ETSU HAS A difficult racial history, not unlike Johnson City or, for that matter, America itself. Founded in 1911, the university was racially segregated until it enrolled its first Black student in 1957. Six years later, Tommy Woods, the first Black player on the men’s basketball team, arrived on campus.
At first, fans heckled and taunted Woods during home games. “Every time I’d make two points or get a rebound, the student section would just boo me. They’d yell, ‘Where’s your tail?’ Go back to Africa,’ Woods told ESPN in an interview.
At one point, he thought about leaving school, but his father urged him to hang in there, telling Woods that if he remained true to himself, things would improve. That turned out to be right.
“My senior year, in one of my last games, I got 38 rebounds and 29 points, something like that. And at the end, I think I fouled out, and they gave me a standing ovation,” he said. “I just happened to look down at the student section. And some of the same people that booed me all that time, they were on their feet clapping.”
During his career, Woods set several ETSU rebounding records that still stand more than a half-century later. The university named the men’s locker room in his honor in 2016, and by the time Woods was inducted into the Tennessee Sports Hall of Fame earlier this year, he was widely described as a beloved figure.
If Woods came to be admired at ETSU, so too did basketball. The team is a big draw, playing its games at the city’s 6,000-seat Freedom Hall civic center and dominating local sports talk during the season.
It helped that ETSU has developed into a perennial winner. Since 2001, the team has had just one losing season, while posting 11 with at least 20 victories, including a 30-win campaign in 2019-2020. “Basketball is a big deal around here,” Wolff said.
Members of the team stand out at the university, not only because they are campus celebrities of sorts but also because just 7% of the 14,000 students are Black. At times, the players and other Black students at ETSU have been forced to endure stunning racial slights.
In 2016, a white student showed up at a Black Lives Matter rally on campus as a counterprotester wearing a gorilla mask and overalls, and carrying a burlap sack stamped with the Confederate flag. The student then offered bananas to the protesters. The student was eventually convicted of disrupting a meeting, but he was acquitted of civil rights intimidation and disorderly conduct charges.
Three years later, a memorial dedicated to the university’s first African American students and other parts of the campus were papered with flyers saying “It’s okay to be white,” a seemingly innocuous phrase that the Anti-Defamation League says has been co-opted by white supremacists.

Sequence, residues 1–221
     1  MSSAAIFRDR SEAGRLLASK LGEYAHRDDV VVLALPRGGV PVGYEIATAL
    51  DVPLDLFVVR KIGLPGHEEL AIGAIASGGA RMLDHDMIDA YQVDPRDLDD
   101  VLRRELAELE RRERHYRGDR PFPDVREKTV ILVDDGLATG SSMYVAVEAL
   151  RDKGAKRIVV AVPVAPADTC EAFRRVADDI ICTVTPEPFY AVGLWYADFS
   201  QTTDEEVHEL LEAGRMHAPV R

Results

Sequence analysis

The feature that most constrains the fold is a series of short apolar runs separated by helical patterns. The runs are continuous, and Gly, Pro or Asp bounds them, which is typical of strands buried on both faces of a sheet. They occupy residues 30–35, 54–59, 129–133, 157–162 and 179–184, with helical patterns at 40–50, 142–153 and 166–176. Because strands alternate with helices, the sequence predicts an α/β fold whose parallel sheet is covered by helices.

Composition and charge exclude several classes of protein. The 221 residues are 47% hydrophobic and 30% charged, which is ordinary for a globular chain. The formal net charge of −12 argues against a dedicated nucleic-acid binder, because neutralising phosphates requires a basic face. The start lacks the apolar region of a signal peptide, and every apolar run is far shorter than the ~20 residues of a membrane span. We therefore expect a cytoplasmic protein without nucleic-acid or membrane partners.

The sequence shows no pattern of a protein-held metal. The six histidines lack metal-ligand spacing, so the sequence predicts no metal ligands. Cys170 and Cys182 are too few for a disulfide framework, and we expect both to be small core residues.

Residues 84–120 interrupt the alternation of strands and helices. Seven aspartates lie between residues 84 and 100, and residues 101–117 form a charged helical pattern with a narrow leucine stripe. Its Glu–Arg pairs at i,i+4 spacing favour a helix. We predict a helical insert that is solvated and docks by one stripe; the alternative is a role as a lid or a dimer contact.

Noland and other university officials immediately denounced those incidents. But for many people in Johnson City, they were seen as part of a troubling pattern.
“I strongly believe that some people are not ready to have conversations about cultural and racial divides because of the pain and frustrations associated with having such conversations,” Keith Johnson, ETSU’s vice president for equity and inclusion, told ESPN in an email.
A January proposal for the city to form a racial equity advisory board to help guide local government toward being more inclusive has been embroiled in controversy since it was raised at a city commission meeting. Some saw the idea as divisive, and it has yet to move forward.
“When you start talking about a group with labels like equity and inclusion, there’s sort of code language there that heterosexual white males need not apply,” Johnson City Mayor Joe Wise said at the meeting. Rather than form an advisory board that could pressure or embarrass the city commission, he said more minorities should be given “real authority” on existing boards and commissions to address the city’s diversity issues.
Civil rights advocates said the mayor’s reaction was typical in a region that prefers to handle racial issues quietly and within existing structures. So it was little wonder that the basketball team’s protest provoked such a strong reaction.
“It did highlight the polarization that is not only here but all over the country,” Stephanie McClellan, editor of the Johnson City Press, said in an interview. “I think a lot of people recognize there’s racism, but they may not recognize it as being systemic. If they haven’t known people who face that, it is hard for them to understand.”